Rinaldo Alessandrini: Bach Praeludien & Fugen
Preludes and Fugues for harpsichord
Not for Rinaldo Alessandrini another version of the ‘48’ to swell a much-recorded corner of the repertoire. Having established his Bachian credentials with a refreshing rethink of the Brandenburg Concertos in 2005, his first solo disc in five years fashions a bespoke collection of preludes and fugues spliced with keen intelligence from sundry movements. Some are instructive teaching aids, others dry runs for a later more elaborate conception, some, indeed, whose attribution is less than solid. A ‘divertissement’ is how Alessandrini describes the result, though this is to undersell a project that proves thought-provoking in its couplings and in the questions it asks about the relationships between preludes and fugues.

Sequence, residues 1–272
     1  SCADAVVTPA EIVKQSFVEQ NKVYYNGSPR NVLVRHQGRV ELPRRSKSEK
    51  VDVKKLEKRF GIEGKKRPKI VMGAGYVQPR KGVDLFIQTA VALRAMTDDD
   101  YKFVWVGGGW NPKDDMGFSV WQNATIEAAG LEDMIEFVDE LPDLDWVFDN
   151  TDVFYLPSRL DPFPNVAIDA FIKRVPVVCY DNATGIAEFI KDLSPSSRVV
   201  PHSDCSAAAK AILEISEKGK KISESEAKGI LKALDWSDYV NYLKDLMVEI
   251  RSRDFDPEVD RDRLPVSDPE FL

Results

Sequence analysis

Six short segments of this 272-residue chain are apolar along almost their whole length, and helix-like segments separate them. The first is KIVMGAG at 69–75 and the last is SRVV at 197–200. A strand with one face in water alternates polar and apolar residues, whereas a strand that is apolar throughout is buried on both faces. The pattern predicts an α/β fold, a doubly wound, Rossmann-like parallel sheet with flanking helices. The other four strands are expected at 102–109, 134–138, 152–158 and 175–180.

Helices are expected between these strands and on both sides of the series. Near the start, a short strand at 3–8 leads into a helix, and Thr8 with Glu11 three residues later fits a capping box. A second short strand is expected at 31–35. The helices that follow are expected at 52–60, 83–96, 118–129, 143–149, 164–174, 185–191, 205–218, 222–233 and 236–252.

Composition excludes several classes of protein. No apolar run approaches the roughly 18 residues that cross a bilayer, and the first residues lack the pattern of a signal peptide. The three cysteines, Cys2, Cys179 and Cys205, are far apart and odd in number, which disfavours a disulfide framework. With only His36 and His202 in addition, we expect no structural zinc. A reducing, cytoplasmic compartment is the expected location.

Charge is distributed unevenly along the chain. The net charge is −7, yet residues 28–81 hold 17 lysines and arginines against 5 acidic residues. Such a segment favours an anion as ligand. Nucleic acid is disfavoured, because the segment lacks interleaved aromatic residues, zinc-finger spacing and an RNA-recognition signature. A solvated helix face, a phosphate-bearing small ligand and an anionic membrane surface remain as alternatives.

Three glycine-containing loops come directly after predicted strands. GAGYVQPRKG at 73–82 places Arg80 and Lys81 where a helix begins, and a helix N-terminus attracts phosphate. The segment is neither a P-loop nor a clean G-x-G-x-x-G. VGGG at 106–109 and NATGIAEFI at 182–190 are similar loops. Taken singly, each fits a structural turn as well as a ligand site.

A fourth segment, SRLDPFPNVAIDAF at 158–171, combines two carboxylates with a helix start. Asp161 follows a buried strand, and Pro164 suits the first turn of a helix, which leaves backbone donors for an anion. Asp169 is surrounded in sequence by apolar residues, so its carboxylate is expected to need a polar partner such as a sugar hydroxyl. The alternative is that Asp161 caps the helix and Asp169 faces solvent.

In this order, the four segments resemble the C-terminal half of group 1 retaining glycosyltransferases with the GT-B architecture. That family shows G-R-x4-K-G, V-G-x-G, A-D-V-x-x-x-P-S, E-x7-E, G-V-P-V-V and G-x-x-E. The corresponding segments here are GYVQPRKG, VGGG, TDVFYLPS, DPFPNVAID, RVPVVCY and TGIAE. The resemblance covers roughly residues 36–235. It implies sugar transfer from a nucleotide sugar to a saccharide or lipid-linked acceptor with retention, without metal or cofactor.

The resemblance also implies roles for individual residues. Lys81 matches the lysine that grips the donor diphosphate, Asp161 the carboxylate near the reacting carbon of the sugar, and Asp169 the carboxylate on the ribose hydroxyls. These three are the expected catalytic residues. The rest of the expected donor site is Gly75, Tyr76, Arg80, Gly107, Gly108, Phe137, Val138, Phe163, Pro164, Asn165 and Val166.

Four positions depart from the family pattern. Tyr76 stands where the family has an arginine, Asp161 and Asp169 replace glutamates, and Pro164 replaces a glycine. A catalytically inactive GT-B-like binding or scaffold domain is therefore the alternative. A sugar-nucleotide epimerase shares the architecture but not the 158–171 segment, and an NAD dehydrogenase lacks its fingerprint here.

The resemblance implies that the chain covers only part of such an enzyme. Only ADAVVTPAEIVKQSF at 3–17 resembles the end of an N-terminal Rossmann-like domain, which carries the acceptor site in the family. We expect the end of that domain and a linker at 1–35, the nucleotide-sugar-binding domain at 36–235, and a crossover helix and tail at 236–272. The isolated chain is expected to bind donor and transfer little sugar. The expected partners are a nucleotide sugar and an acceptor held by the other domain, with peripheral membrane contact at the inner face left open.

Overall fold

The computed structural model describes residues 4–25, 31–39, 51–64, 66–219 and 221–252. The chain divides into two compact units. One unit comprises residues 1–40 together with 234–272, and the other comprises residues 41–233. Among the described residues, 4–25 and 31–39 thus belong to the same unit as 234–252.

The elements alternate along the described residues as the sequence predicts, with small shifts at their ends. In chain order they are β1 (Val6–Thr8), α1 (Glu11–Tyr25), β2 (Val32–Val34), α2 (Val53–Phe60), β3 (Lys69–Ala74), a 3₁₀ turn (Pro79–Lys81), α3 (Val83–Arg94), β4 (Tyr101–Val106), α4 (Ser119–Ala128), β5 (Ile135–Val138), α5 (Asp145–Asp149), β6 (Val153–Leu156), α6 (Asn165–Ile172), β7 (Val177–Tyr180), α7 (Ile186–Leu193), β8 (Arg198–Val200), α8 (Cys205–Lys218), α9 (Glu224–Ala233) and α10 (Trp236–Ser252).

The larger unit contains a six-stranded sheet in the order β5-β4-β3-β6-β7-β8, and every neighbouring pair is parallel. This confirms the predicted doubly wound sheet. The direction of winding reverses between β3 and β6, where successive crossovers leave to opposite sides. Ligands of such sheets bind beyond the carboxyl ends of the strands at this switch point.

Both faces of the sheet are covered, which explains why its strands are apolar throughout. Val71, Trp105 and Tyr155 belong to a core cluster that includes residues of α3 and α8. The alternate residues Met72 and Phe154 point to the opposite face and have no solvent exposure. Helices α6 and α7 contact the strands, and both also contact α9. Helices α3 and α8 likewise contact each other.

It’s also illuminating in the way didactic miniatures blossom into life, and a stylish exemplar demonstrating the art of free-spirited embellishment – a point underlined by the opening C major Prelude, BWV 933, whose repeats are gilded with joyful off-page additions lending added vim and sparkle. Many of the movements make a virtue of brevity: but included are the substantial G major Prelude BWV 902; the much simpler forerunner of the C major Prelude which opens Book 2 of the ‘48’ (paired with its ‘official’ fugue in a version lacking the imposing coda); and the extended, Albinoni-indebted B minor Fugue, BWV 951. Throughout, an unimpeachable suavity and debonair breeziness informs Alessandrini’s playing which is unfailingly sensitive to Bach’s ‘direction of travel’, be it ‘galant’, learned or songful. Paul Riley